Thanks again for the opportunity to get some of the points out, though- I hope you can see how I felt that the regulations argument tied into the final conclusion. With the edit, things don't necessarily follow or have the 'foundation' laid up to properly convince the reader of the argument (in this case, the disingeniousness of legislators).

reform4's picture

And on th E-Verify thing...

.. I would love to get the legislators to sit down and try to use the web site. If you have 100 employees, fine, you have some economy of scale. But for me to take 4 to 8 hours away from my small business (and every small business in Tennesse, hence the equivalent of 300 jobs estimate) because some wingnuts in Nashville want to use immigrants as a punching bag, well- that makes me see red when a TN legislator tells me they want to "help small business."

I could go on about other 'business building' fiascoes coming out of Nashville- say, the Legislature refusing additional unemployment funds from Washington (because it was Obama's idea), causing my state unemployment payments to spike 30% in one year. That was another brain-dead move hurting small business, thanks to small-minded wingnuts again.

Barker's picture


Oh, I thought you made a good point about E-verify. But you submitted more than 1,000 words and we only had space for about 700. I had to choose something to cut. Sometimes good scenes wind up on the cutting room floor. And, as I said previously, feel free to submit the E-verify portion later as another column.

I feel I must repeat that we published this as a column, not a letter, and it has the most prominent space on the editorial page today.

And I'm sorry, but sending in a disclaimer that a piece must be published in its entirety or not at all is a pretty sure way of keeping it from being published at all, especially if it's too long for the space. We edit everything. My stuff gets edited. Jack McElroy's stuff gets edited. Your stuff gets edited.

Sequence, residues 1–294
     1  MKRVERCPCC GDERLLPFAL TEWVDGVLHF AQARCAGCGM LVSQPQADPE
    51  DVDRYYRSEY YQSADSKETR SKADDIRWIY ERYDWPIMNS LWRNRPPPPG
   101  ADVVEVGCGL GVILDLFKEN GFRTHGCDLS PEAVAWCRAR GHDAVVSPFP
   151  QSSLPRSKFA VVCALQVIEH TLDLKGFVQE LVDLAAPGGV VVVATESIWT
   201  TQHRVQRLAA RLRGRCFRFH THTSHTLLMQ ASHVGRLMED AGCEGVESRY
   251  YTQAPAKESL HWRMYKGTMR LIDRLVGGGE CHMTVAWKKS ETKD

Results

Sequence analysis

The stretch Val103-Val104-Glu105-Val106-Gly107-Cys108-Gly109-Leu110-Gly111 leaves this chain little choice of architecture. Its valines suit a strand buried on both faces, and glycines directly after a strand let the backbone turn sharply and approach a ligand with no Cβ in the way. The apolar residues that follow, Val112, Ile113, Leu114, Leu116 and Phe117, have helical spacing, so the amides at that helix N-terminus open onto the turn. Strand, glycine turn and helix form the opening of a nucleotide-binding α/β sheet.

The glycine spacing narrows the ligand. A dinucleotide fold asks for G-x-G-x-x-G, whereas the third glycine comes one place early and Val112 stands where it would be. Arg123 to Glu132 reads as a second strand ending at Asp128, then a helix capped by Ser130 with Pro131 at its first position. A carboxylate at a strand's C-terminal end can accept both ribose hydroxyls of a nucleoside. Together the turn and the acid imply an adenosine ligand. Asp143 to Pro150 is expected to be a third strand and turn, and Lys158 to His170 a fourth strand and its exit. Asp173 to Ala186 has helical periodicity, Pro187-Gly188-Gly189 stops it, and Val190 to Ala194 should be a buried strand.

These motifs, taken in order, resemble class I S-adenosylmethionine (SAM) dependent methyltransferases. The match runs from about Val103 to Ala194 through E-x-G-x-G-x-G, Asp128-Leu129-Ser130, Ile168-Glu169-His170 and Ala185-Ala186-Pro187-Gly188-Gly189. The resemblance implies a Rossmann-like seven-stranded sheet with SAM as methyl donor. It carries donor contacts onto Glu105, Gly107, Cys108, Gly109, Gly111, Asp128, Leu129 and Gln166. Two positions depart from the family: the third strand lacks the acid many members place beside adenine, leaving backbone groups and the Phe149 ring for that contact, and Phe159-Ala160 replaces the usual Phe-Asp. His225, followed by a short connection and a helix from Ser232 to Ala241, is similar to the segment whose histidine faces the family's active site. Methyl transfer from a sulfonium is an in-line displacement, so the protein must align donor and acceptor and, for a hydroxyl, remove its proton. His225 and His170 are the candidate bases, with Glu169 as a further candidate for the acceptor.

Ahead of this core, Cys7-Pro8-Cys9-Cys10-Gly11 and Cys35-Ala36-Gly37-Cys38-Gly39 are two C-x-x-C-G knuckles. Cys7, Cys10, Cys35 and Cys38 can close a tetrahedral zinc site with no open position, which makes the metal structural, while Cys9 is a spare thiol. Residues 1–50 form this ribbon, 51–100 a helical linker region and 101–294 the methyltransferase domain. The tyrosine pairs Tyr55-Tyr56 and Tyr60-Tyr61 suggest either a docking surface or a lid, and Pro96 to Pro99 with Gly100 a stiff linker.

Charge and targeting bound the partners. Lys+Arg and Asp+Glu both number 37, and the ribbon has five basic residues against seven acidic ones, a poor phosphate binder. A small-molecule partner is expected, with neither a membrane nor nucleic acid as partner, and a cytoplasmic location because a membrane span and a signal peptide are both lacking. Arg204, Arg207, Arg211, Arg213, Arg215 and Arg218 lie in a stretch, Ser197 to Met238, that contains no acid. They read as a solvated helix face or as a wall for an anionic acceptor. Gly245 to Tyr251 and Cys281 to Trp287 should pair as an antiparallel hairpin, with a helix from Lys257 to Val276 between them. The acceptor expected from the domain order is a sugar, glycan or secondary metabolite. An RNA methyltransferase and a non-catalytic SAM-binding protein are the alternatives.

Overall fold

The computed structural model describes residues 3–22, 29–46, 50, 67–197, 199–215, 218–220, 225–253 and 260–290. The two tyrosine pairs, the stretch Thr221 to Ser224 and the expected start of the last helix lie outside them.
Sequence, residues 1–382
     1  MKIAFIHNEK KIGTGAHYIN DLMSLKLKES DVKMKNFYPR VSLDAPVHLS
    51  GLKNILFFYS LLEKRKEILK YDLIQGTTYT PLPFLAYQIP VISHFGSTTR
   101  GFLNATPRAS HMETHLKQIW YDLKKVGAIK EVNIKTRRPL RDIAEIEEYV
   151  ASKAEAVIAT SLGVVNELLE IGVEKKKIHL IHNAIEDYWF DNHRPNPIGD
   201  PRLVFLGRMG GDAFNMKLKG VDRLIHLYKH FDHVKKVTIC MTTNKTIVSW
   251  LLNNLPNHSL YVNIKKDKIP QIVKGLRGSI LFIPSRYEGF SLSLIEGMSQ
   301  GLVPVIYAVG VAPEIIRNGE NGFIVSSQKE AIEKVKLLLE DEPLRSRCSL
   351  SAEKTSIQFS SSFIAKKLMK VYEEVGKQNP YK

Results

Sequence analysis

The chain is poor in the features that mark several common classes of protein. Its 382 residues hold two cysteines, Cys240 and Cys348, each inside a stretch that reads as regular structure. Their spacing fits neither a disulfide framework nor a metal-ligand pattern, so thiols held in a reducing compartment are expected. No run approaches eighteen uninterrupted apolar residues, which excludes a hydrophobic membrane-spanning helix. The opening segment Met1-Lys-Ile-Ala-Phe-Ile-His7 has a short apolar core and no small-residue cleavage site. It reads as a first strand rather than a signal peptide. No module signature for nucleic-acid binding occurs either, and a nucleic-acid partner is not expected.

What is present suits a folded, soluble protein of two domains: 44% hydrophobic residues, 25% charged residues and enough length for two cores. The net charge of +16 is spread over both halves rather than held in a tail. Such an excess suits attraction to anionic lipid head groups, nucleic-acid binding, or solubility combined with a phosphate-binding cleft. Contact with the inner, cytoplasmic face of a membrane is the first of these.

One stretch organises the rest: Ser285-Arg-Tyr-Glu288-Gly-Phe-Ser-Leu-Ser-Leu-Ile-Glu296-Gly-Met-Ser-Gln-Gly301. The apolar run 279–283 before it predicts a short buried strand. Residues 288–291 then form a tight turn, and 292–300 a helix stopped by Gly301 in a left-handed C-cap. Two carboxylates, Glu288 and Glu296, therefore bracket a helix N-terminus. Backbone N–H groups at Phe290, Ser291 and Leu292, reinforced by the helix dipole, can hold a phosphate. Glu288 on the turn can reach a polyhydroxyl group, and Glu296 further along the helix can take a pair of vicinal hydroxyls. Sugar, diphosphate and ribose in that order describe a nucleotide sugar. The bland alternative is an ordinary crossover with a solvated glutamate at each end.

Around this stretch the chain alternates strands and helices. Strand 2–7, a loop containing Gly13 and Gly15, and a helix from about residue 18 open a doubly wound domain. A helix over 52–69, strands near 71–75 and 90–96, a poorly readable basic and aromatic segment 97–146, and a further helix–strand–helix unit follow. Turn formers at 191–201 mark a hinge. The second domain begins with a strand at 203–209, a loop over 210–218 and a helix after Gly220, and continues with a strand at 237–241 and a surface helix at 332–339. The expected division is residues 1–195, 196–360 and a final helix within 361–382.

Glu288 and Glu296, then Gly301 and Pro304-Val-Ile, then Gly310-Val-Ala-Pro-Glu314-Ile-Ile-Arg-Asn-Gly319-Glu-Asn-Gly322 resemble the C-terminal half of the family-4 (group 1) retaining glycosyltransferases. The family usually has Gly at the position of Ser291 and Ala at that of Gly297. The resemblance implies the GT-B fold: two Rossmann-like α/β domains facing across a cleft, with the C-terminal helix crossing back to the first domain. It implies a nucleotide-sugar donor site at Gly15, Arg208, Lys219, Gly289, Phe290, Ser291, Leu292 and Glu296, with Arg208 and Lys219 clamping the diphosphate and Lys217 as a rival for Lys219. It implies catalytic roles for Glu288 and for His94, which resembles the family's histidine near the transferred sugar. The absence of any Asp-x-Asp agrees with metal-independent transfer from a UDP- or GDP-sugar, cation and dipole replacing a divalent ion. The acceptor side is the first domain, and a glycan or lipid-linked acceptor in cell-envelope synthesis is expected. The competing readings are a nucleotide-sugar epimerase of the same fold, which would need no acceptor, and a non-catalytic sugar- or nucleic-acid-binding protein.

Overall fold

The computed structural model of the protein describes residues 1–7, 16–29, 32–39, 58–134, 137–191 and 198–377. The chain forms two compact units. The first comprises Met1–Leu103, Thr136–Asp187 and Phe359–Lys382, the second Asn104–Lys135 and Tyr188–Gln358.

GDrinnen2's picture

I love reading thoughtful,

I love reading thoughtful, reasoned opinions from multiple angles of any argument. For what its worth, as a persuasion piece, i thought it was stronger without the e-verify stuff.

I do think you've got two well-written columns as separate pieces.

R. Neal's picture

Great column. I have to say I

Great column. I have to say I almost couldn't find it because I was looking everywhere except the spot where KNS editorials are usually found. So it is prominently featured.

P.S. For future reference, I was able to negotiate with S. Barker on a column one time. Actually it was more of a one-sided negotiation in which I kept submitting drafts until it was hacked down to an acceptable length.

Barker's picture


Yeah, Bubba, I almost got fired for publishing your drivel.

Writers always are at the mercy of their editors. Shoot, I became an editor because I wanted all the power that comes with the job. Imposing your will on hapless writers is a power trip that can't be rivaled. And the pay is better too.*

*For the humorless out there, I'm kidding.

reform4's picture

I empathize.

I didn't realize I was so far over the limit or I would have helped cut it down. It's not easy and often impossible to cut 30%, I know. I must learn the art of brevity.

Thanks again. Removing foot from mouth now. I owe you lunch or a few beers for that screwup of mine.... sigh...

Calypso's picture

"Thanks again. Removing foot

"Thanks again. Removing foot from mouth now."

You do this a lot. Over reach much?

reform4's picture

Happy to admit it and apologize when I do.

That's what separates me from the wing nuts.

Being confused by a two commenters that say "nice letter" doesn't undermine the article itself, if that's what you are trying to get at.

Calypso's picture

"Happy to admit it and

"Happy to admit it and apologize when I do."

You didn't apologize at the KNS. Hop over there and make it right.

reform4's picture

Scott's here...

... do I need to apologize to the KNS trolls? It's like wading waist-deep through a septic tank over there.

Besides, what I need to apologize for is posted here, not there. (I know, logical thinking, not good for people who live by non sequiturs).

Calypso's picture

It's a credibility thing

What you wrote wasn't true.

"reform4 writes:

The editors sliced the hell out of what was supposed to be a full length column, but apparently the same organization that shut down comments on the Massey fundraiser didn't like me pointing out that she said one thing and did quite another to me. The FULL TEXT CAN BE SEEN HERE: